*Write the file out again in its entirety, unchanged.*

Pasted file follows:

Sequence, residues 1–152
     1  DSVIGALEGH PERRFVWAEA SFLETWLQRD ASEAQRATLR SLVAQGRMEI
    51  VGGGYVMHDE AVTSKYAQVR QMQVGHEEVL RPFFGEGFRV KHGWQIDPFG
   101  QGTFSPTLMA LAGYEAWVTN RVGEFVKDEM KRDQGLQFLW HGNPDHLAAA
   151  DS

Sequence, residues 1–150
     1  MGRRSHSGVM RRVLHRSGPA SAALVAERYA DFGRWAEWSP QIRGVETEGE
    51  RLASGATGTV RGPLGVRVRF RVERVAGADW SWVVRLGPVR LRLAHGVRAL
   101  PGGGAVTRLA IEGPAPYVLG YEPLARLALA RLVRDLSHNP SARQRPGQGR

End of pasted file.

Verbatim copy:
Sequence, residues 1–152
     1  DSVIGALEGH PERRFVWAEA SFLETWLQRD ASEAQRATLR SLVAQGRMEI
    51  VGGGYVMHDE AVTSKYAQVR QMQVGHEEVL RPFFGEGFRV KHGWQIDPFG
   101  QGTFSPTLMA LAGYEAWVTN RVGEFVKDEM KRDQGLQFLW HGNPDHLAAA
   151  DS

Sequence, residues 1–150
     1  MGRRSHSGVM RRVLHRSGPA SAALVAERYA DFGRWAEWSP QIRGVETEGE
    51  RLASGATGTV RGPLGVRVRF RVERVAGADW SWVVRLGPVR LRLAHGVRAL
   101  PGGGAVTRLA IEGPAPYVLG YEPLARLALA RLVRDLSHNP SARQRPGQGR